Torrence first became involved with Maffei’s campaign last April, leaving a job with New York State Assemblywoman Barbara Clark to become the Congressman’s scheduler. She also had her eye on Washington when she joined the team.

The Le Moyne College graduate said she saw Maffei as someone who could make a difference in the area.

“You’re working for someone who really cares about their community,” she said. “We finally have someone who the people respond to.”

Being a Hill staffer also allows Torrence to give back on a more personal level. “I go home to my neighborhood and the little girls there see it’s possible to grow up and work for a Congressman,” she said.

Several other staffers have joined Maffei in his Washington and district offices.

Michael Whyland, who was communications director for Maffei’s past two campaigns, has signed on in the same position for the Syracuse office. He previously worked as a press officer for former New York Gov. Eliot Spitzer (D). Whyland graduated from the State University of New York in Brockport with a degree in interdisciplinary communications.

Also working out of the Syracuse office is Jason Chiesa, who is the director of constituent services. Before coming to Maffei’s team, Chiesa was deputy regional representative for Sen. Charles Schumer (D-N.Y.). Originally from the Syracuse area, he studied at Hobart and William Smith Colleges.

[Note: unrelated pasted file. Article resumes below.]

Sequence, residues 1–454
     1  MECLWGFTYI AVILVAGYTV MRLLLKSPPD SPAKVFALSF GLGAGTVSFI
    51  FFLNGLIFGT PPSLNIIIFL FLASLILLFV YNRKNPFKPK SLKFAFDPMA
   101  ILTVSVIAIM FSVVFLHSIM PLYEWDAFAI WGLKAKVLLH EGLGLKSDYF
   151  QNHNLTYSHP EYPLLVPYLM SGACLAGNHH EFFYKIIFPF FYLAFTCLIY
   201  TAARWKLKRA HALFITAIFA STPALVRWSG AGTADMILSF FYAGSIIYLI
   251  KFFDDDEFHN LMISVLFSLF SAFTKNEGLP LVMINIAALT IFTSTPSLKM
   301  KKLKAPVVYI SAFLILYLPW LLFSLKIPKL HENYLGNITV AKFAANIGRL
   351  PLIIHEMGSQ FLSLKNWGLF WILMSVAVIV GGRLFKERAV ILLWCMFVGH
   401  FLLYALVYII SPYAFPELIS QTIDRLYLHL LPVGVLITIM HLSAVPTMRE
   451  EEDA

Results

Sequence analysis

Terre Dennis is the constituent service representative in the Syracuse office. She is a student at SUNY-Empire State College and has worked in constituent services and as district office manager for former New York Republican Reps. Jim Walsh and Sherwood Boehlert.

Here in Washington, Jill Allen Murray is one staffer who brings her own Hill experience to the group. As deputy chief of staff, she will work with Krupnick and run the legislative shop. She spent four years as policy director for Rep. Russ Carnahan (D-Mo.) and worked on former Democratic Sen. John Edwards’ (N.C.) 2004 presidential campaign. She earned her graduate and undergraduate degrees at Colgate and Syracuse universities and has something of a family legacy at both. She is the fourth generation in her family to attend Colgate and the third to study at Syracuse.

Rounding out the Maffei office is Abigail Gardner, the press secretary in D.C. She did press for the campaign, and previously worked for Spitzer/Paterson in the 2006 New York gubernatorial race. She earned a bachelor’s degree from the University of Virginia and is originally from Pittsburgh.

Submit news of hires and promotions on Capitol Hill to Hill Climbers here